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Failed Polish Bond Auction Raises Serious Questions For Emerging Markets

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  • Failed Polish Bond Auction Raises Serious Questions For Emerging Markets

    Not that I know anything at all about Poland, but this does not sound good in general for eastern Europe, as Poland has been considered to be the strongest economy there.


    Failed Polish Bond Auction Raises Serious Questions For Emerging Markets
    http://www.zerohedge.com/article/fai...erging-markets

    In its first bond auction since announcing its budget deficit was set to double in 2010 (talking a massive $20 billion here, nothing as puny as $9 trillion over the next 10 years), the Polish government sold only half of the PLN2 billion of the 5.75% bonds due 2011 it was hoping to offload to investors to plug the hole. It appears, unlike Tim Geithner, Polish Finance Minister Jacek Rostowski does not have Wen Jiabao on speed dial. Then again, after they have taken over America, who knows where Chinese interests will look next: that Bison grass vodka sure is a strategic asset.
    Subsequent to the auction, BNP had some less than encouraging words for holders of Polish bonds:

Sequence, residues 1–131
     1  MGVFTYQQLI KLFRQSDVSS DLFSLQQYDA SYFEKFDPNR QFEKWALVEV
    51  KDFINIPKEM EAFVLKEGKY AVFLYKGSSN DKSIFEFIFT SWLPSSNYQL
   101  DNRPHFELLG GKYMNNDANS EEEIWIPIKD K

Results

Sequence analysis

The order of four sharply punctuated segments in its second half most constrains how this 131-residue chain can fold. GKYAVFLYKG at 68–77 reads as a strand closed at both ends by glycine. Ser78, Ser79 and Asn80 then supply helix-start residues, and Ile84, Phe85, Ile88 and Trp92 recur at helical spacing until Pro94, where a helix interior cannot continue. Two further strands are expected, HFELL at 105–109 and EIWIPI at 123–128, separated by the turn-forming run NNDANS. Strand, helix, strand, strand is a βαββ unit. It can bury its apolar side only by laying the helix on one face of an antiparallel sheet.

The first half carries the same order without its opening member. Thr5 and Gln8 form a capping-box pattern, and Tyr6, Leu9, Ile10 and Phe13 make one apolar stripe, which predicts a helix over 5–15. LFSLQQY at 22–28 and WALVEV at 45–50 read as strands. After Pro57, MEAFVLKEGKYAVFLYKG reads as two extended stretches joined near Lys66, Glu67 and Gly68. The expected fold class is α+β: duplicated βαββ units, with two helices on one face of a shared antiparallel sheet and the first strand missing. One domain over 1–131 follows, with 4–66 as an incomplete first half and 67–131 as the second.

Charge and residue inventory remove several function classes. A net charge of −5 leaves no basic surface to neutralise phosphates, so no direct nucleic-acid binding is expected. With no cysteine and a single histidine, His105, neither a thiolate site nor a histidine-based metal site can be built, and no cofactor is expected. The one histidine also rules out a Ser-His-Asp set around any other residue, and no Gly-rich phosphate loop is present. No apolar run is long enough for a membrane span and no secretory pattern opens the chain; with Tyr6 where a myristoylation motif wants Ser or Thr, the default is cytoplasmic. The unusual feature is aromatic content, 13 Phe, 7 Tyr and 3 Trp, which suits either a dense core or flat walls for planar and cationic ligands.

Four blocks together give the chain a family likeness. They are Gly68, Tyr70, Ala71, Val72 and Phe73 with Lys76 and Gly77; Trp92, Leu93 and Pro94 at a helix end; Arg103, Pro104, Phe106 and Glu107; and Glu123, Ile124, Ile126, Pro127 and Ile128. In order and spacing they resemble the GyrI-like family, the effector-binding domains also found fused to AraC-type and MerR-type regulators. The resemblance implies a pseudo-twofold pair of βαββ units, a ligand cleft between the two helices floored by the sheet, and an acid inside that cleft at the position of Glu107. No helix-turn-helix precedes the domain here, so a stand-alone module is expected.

“This is a direct consequence of a very dangerous fiscal outlook presented in the 2010 budget draft. We recommend selling Polish bonds across the curve.
    This merely reinforces Zero Hedge's view of the U.S. exemption from economic reality: after all, like any aggressive distressed bondholder, China is merely preparing for the inevitable debt-for-equity swap. If there are no other bidders (aside from the debtor itself of course), so much the better.
    Unfortunately for Poland, it does not have a comparable exemption. The result:




    The Polish zloty weakened 1.2 percent to 4.1635 per euro as of 11:22 a.m. in Warsaw, the most since Sept. 1. Polish bonds fell, pushing the yield on the five-year note four basis points higher to 5.79 percent and the yield on debt maturing in October 2019 up six basis points to 6.23 percent, according to PKO Bank Polski SA in Warsaw. Bond yields move inversely to prices.

    Poland is definitely not out of the woods: the country is planning on selling another PLN2 billion on September 23. Perhaps it is time for the IMF to issue another rosy report about how everything is peachy throughout its protectorate.
    Justice is the cornerstone of the world

  • #2
    Re: Failed Polish Bond Auction Raises Serious Questions For Emerging Markets

    The exchange rate is not as bad as in Feb 09, but still with loans in swiss francs not a good thing
    http://www.ecb.int/stats/exchange/eu...ph-pln.en.html



    Currency-Exchange Gamble Is Costing Polish Consumers
    Low-Interest Loans in Swiss Francs Turn Calamitous as Zloty Tumbles

    By Craig Whitlock
    Washington Post Foreign Service